(from World Before Columbus, 1996)

For Suzanne this is a love song to her daughter, a brave attempt to imagine a world where that love was taken away; how flat, colourless and dark it would be. She describes the treasure of her daughter as riches beyond the understanding of those piratical men that plundered the New World for its precious metals. I've always thought it challenging for a parent to write about their love for their children, it is so easy to gush and slide into sentimentality (as so many have). Suzanne's beautiful poem, set to a lush and lilting arrangement, shows it can be done with finesse and quiet power.

Like any great love song it is easy for the listener to fit their own autobiography into the lyrics. I remember lying with my husband one afternoon, he had a rare length of beard, so it must have been on holiday. I noticed his beard had little flecks of blond and ginger, unlike the hair on his head, like precious secrets revealing themselves to me only. This line came into my head and I understood. Love.



"She's happy that you're here but when you disappear, She won't know that you're gone to say goodbye..."
(from New York Is A Woman, 2007)

Although born in California, Suzanne grew up in New York and like many artists before her the city has had a profound impact on her work. Like any great city there is an unspoken tension between those that call it home and the many millions who pass through, for business or pleasure (or both). As an immigrant Londoner for many years I understand the frustrations of battling straggling tourists on your way to work, but I also appreciate the wonder and majesty of these world cities and why outsiders are drawn there. In this song Suzanne imagines New York in the form of a femme fatale and describes how a visitor from suburban America is drawn in to "her beauty and her crime".

I love Manhattan, I visit whenever I can, but I've always had a peculiar feeling when I'm there. New York City is amazing, it is simply the most electric place on the planet. Yet I always feel strangely uneasy there, insignificant almost within the hive of humanity. I'd always struggled to explain this feeling until I heard this song, then I realised the truth:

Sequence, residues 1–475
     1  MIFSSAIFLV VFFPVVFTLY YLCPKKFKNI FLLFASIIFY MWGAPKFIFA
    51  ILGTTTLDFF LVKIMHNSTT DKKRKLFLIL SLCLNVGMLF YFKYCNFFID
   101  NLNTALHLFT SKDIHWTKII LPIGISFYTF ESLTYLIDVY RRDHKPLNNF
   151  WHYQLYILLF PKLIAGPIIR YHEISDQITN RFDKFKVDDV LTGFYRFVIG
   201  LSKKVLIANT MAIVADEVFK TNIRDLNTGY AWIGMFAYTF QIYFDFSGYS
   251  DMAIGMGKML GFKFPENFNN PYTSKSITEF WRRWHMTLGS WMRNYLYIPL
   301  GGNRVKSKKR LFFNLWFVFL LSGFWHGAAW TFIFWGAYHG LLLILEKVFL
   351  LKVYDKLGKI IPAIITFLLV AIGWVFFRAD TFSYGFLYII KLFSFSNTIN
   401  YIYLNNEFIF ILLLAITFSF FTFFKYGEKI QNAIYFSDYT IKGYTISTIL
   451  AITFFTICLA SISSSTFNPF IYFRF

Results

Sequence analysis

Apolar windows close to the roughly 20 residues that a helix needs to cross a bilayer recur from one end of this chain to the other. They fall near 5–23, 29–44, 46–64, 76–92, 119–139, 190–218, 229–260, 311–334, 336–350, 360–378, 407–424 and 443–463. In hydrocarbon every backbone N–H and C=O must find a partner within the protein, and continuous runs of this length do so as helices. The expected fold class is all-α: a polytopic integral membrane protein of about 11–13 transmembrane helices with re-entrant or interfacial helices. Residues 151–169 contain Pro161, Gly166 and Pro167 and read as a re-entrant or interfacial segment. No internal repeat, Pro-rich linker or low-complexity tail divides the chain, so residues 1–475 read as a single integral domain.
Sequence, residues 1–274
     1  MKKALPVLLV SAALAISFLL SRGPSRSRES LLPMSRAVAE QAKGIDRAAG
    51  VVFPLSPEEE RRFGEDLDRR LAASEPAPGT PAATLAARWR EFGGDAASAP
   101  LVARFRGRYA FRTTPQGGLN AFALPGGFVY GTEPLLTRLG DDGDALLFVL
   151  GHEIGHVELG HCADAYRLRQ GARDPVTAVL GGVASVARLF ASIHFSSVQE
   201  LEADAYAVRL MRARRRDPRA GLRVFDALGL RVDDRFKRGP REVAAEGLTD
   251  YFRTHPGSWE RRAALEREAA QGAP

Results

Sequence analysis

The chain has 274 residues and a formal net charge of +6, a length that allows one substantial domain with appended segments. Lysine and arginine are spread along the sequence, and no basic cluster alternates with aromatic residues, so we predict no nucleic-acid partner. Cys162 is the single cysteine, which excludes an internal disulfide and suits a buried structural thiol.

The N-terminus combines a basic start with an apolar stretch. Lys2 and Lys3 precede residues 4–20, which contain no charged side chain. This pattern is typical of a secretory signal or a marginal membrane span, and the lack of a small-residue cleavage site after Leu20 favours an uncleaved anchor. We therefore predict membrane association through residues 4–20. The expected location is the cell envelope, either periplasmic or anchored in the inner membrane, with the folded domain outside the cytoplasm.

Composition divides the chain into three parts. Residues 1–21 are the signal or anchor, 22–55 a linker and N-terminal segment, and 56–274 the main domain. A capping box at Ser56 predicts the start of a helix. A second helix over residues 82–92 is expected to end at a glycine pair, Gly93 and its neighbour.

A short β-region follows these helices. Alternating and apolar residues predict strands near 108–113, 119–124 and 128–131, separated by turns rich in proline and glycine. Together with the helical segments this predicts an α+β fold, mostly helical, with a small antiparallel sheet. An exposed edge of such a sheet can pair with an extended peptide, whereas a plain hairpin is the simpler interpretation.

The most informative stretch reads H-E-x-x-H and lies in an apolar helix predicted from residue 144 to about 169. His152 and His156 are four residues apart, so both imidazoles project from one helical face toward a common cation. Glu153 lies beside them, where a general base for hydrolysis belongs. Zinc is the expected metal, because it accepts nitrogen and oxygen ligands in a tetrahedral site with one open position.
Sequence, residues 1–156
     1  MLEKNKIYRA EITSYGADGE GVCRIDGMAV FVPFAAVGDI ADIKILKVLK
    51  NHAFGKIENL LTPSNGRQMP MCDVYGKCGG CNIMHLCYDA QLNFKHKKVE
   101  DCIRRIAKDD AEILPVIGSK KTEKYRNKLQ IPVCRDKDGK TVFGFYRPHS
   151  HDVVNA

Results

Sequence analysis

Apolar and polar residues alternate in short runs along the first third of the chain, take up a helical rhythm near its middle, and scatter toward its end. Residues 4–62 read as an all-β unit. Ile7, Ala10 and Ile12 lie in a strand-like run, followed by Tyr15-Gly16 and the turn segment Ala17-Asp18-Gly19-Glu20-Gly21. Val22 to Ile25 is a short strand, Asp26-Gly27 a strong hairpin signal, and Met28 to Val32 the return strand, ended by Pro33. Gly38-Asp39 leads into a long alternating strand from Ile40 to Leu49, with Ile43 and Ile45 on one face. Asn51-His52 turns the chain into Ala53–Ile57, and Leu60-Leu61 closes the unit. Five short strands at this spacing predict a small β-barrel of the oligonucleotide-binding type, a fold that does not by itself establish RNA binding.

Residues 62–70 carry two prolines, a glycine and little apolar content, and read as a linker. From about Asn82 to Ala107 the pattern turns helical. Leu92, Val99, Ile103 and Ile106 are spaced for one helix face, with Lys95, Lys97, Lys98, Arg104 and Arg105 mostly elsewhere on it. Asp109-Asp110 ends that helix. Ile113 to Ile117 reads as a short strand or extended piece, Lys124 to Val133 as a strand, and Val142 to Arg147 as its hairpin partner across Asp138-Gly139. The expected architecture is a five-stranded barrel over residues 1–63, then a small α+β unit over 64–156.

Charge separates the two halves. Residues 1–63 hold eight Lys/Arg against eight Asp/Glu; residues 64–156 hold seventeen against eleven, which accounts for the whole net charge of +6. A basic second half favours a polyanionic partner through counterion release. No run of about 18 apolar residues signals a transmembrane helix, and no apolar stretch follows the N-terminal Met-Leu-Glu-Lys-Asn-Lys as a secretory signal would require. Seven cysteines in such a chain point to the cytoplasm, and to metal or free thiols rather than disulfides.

"New York is a woman, She'll make you cry, And to her you're just another guy".

These are just a few examples of the many times a Suzanne Vega song has enriched my understanding of life. She is a true poet, as adept with words and she is with crafting subtle melodies to set them in, and possessing a soulful, singular voice to communicate them. Happily Suzanne debuted new material at her show, with the promise of a new album later this year. I'm excited to see what new insights and adventures await.


There is a volume of the collected writing of Suzanne Vega, "The Passionate Eye". Suzanne has also re-recorded her back catalogue and released as a four volume collection called "Close Up", available from www.suzannevega.com. 

If you enjoyed reading this blog, please consider sharing it or linking to it from your Facebook, Google+ or Twitter account. You can post feedback below or to my Twitter account, @divasblogger. Sign up for alerts above or follow me on Twitter. Also you can hear the tracks mentioned in this week's blog on my Spotify account at the following link: Fingerprints